But the question with which Mario Tronti begun his talk is still actual today, as reitereted in his concluding question at the end of his broad critical review of Italian operasimo: “how to articulate the analysis of capital with the organisation of alternatives” in condition of today’s capital globalisation? That is, within, against and beyond capital in the context of today class composition, today particular configuration of subjectivities, particular planetary configurations of social cooperation of labour (waged and unwaged)? This question is the horizon within which our thinking and our political practices have to be articulated. And of course, the experience of operaismo had its “glorious victories and glorious defeats.” all linked to particular approaches and particular contingencies. But the question remain: how to bring together thinking and political practices with the questions it generate within a particular class composition, the class composition(s) of our times?

It goes without saying that this methodological framework — as any other — does not garantee “correct” answers, or indeed does not necessarily generate useful questions. The research program of what is called post-operaismo for example, is very much within the general theoretical and methodological framework described above (”uniting theory and practice within a particular class composition”), but I have serious reservations with respect to its way to frame and address the problems at stake in today’s world, since I do not agree with its way to understand today’s class composition. The notion of the multitude (a la Hardt and Negri), is certainly a way to pose the problematic of class composition today. But this “whole of singularities” — as the notion of multitude is often referred to — is understood as “whole” by means of a specific social subject — immaterial labour — whose labour activities and forms of social cooperation are regarded as going beyond capital’s measure. In other words, in post-operaismo there is a messianic element that defines today’s class composition, one that sees the commons constituted by social cooperation of a plurality of subjects as given by the form of social cooperation of immaterial labourers. This is messianic immanence (or messianic “tendency.” if you believe this immaterial labour is a tendency waiting to actualise itself). The consequent political strategy is not based on the problematisation of how to constitute commons beyond capital and vis-a’-vis its strategies to impose its measures of human activities and consequent reproduction of division along the wage hierarchy (since in this approach these commons are already given by the forms of social cooperation of immaterial labour). Instead the political question becomes how to sezie the “administrative nexus” tying immaterial labour to capital, how to cut the umbelical cord keeping immaterial labour tied to a parasitic capital and releasing its full potentials.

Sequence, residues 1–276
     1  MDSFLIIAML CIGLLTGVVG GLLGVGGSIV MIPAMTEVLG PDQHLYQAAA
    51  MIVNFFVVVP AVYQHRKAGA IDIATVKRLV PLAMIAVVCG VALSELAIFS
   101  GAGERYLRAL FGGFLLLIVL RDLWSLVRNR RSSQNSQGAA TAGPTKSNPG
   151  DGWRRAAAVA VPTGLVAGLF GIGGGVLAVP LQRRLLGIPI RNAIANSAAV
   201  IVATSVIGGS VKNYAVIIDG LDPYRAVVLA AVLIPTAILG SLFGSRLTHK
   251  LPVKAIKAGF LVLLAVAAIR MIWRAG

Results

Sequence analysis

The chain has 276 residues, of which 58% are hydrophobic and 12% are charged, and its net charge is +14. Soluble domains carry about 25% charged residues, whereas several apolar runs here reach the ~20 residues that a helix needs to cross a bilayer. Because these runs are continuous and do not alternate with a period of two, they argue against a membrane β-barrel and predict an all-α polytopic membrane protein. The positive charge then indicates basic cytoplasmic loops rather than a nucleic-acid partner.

The most relevant critique of this approach is twofold: first, more specifically, the fact that immaterial labour is not beyond capital’s measure, that capital continuously strategises ways to subjugate creativity, affects and intelligence to its measure, and that struggles over measure therefore are existing today on the realm of immaterial labour as they were — in different forms — on the assembly line of fordism. Second, more broadly, that capital has always relied on some forms of articulation and interrelation between “high” and “low” points of development, between extraction of absolute and relative surplus value, between “enclosures”/primitive accumuation and “accumulation” proper. It goes without saying that today it relies on new forms of these articulations.